The Danamma vs Arun Kumar case was also decided based on the Phulavati case. The Trial Court and the High Court held that the daughters were not entitled to the right or share in coparcenary property since they were born prior to the enactment of the Act. Also the father died prior to the enactment of the Amendment Act, 2005. However, in 20182 the Hon’ble Supreme Court held that the amendment Act 2005 confers upon the daughter, the status of coparcener and the same rights and liabilities in coparceners properties in the same manner as the son.

The decisions in both Phulavati and Danamma case held that the Hindu Succession Amendment Act 2005 was prospective in nature.

 

The latest SC judgment
The issue came up yet again in the Vineeta Sharma Vs Rakesh Sharma3 case before a three Judge Bench of the Hon’ble Supreme Court headed by Justice Arun Mishra. After detailed deliberations, the Bench came to the following view:

  1. The previous judgments did not interpret the Hindu Succession Amendment Act 2005 correctly. The amended Section 6 did not apply prospectively or retrospectively. Rather it is applicable retroactively.
  2. A legislation shall apply retroactively when it prescribes benefits conditional upon an eligibility, that may arise even prior to the passing of such legislation.
  3. The Hon’ble SC stated that there is difference between a right to claim and the extent of claim. The Apex Court held that a Coparcener’s right to claim a share is by birth. It remains constant irrespective of the legislation and its amendments. The specific share in property available to the coparcener should be determined based on the Act and or amendment in existence. The share in property(s) keeps changing subject to births and deaths of the coparceners and their descendants.
  4. The SC was of the view that the judgment in the Phulavati and Danamma cases disentitled the female coparcener in the event of death of the father coparcener prior to the 2005 amendment. However, in the Vineeta Sharma case, the Apex court held that it is only the computation of share that will be affected on the death of the father coparcener. There is no question of deciding the daughter’s eligibility. She is eligible by birth. The Bench further held that daughter(s) need not claim rights to the property only subject to the father coparcener being alive as on the date of the 2005 amendment Act.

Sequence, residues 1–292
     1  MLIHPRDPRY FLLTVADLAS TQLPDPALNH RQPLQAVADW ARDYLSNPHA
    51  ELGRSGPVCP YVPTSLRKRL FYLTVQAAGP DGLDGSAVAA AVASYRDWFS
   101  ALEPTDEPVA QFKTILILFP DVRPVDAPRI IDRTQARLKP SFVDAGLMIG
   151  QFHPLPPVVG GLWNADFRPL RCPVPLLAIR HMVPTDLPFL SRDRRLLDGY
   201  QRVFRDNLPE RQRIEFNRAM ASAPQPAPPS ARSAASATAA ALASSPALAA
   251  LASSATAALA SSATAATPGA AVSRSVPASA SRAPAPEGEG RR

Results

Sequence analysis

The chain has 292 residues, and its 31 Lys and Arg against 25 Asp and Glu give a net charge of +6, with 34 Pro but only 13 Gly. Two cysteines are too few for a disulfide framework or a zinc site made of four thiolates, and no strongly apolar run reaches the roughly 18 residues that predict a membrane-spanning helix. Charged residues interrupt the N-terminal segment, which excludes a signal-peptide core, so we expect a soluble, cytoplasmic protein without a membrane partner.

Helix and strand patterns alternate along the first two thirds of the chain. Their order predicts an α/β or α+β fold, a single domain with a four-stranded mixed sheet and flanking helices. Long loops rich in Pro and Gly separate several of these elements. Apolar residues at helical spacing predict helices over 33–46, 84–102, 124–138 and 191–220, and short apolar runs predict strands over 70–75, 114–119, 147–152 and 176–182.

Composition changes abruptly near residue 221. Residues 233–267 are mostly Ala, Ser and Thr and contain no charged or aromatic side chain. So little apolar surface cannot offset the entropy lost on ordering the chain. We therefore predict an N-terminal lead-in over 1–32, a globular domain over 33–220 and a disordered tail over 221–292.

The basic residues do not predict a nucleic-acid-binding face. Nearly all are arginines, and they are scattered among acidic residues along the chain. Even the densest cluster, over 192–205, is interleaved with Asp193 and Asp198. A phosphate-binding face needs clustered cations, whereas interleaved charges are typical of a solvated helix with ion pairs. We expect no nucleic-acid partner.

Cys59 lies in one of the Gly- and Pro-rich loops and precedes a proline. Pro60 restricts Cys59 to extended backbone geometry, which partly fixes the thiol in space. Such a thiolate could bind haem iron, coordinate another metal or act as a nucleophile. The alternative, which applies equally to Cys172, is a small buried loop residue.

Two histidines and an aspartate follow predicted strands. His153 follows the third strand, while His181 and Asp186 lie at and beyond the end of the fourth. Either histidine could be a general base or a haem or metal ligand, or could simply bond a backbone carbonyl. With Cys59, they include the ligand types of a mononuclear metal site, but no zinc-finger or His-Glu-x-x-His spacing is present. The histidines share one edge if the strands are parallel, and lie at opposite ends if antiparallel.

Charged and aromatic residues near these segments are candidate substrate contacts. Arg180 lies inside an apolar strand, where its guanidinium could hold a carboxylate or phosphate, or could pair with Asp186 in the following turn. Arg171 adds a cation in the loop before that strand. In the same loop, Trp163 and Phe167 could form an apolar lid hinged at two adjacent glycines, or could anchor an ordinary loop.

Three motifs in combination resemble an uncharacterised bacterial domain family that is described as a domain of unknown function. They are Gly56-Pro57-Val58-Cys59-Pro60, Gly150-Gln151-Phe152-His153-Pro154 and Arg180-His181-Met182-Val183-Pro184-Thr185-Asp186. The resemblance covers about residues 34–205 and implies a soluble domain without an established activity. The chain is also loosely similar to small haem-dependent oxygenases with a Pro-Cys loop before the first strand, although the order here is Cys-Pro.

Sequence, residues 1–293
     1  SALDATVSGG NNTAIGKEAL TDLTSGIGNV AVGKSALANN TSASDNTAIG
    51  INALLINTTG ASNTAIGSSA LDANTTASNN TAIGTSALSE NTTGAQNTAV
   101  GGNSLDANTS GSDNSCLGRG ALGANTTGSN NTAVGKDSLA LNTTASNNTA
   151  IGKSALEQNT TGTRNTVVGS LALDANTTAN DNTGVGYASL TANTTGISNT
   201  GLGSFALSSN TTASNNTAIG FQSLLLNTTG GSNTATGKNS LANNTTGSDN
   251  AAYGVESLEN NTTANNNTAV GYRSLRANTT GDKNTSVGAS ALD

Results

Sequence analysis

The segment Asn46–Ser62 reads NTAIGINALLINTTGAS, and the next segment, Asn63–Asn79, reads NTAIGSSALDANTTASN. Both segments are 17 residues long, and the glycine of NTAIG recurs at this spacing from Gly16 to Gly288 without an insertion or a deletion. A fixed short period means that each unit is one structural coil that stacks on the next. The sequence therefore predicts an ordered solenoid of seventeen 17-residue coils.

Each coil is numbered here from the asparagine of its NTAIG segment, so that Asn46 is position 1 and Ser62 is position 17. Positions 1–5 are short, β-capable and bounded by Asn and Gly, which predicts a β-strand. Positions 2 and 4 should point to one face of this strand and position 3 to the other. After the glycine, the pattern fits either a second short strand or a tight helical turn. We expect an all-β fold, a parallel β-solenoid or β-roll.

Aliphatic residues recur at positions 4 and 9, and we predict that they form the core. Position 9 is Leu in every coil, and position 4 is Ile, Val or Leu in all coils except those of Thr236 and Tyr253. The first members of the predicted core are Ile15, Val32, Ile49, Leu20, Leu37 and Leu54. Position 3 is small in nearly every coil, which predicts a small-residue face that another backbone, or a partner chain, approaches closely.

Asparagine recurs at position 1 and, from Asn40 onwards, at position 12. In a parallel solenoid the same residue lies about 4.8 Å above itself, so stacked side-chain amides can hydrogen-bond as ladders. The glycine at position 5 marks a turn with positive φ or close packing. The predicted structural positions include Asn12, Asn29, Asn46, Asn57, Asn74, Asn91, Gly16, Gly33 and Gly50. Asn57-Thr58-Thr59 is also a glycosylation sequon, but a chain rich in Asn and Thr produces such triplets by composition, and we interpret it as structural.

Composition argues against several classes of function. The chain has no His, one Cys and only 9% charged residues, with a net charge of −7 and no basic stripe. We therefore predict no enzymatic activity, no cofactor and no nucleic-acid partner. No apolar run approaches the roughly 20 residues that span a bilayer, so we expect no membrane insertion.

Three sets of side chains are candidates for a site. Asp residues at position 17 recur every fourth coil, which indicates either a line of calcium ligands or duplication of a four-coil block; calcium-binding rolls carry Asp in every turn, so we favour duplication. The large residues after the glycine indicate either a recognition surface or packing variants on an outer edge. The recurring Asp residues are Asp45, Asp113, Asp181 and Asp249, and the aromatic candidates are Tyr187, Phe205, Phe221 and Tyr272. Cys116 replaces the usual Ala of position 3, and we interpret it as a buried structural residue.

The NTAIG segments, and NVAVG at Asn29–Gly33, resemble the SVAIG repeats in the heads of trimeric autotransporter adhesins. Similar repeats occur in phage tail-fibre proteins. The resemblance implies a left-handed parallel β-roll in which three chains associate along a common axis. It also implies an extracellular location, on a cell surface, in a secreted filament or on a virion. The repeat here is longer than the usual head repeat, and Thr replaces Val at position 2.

5. The intention of section 6 of the Hindu Succession Amendment Act 2005 is to uphold and safeguard women’s coparcener rights of properties of their predecessor.
  6. This means that for daughters to claim succession under the amended 2005 Act, two conditions must be satisfied – their birth and being alive as on the date the Hindu Succession Amendment Act 2005 became effective.
  7. Based on the above, the SC has directed for long pending cases on similar matters to be disposed of within 6 months.

There are a few stumbling blocks though. Such cases shall be governed by Limitation Act. Oral family agreements shall not be acceptable unless substantiated by supporting partition / registration documents.  Yet, this latest Supreme Court ruling is watershed judgment in ensuring and upholding gender equality and upliftment of women’s rights especially in succession matters.

References

1 2015 SCC Online SC 1114
2 2018) 3 SCC 343
3 Civil Appeal 32601/2018